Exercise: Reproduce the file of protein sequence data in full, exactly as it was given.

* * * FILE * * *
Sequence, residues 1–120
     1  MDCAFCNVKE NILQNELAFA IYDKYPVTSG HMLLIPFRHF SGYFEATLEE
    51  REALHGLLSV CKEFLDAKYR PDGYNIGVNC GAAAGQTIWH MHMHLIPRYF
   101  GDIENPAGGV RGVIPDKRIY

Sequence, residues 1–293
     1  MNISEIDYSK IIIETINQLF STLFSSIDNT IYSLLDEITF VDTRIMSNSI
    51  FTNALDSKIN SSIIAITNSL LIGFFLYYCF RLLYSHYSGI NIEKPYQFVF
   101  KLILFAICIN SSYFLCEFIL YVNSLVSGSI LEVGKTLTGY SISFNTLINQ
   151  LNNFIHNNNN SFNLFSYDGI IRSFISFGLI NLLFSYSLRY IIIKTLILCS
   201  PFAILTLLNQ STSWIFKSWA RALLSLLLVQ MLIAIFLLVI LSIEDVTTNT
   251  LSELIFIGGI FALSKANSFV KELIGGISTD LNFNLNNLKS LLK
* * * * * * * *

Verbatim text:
Sequence, residues 1–120
     1  MDCAFCNVKE NILQNELAFA IYDKYPVTSG HMLLIPFRHF SGYFEATLEE
    51  REALHGLLSV CKEFLDAKYR PDGYNIGVNC GAAAGQTIWH MHMHLIPRYF
   101  GDIENPAGGV RGVIPDKRIY

Sequence, residues 1–293
     1  MNISEIDYSK IIIETINQLF STLFSSIDNT IYSLLDEITF VDTRIMSNSI
    51  FTNALDSKIN SSIIAITNSL LIGFFLYYCF RLLYSHYSGI NIEKPYQFVF
   101  KLILFAICIN SSYFLCEFIL YVNSLVSGSI LEVGKTLTGY SISFNTLINQ
   151  LNNFIHNNNN SFNLFSYDGI IRSFISFGLI NLLFSYSLRY IIIKTLILCS
   201  PFAILTLLNQ STSWIFKSWA RALLSLLLVQ MLIAIFLLVI LSIEDVTTNT
   251  LSELIFIGGI FALSKANSFV KELIGGISTD LNFNLNNLKS LLK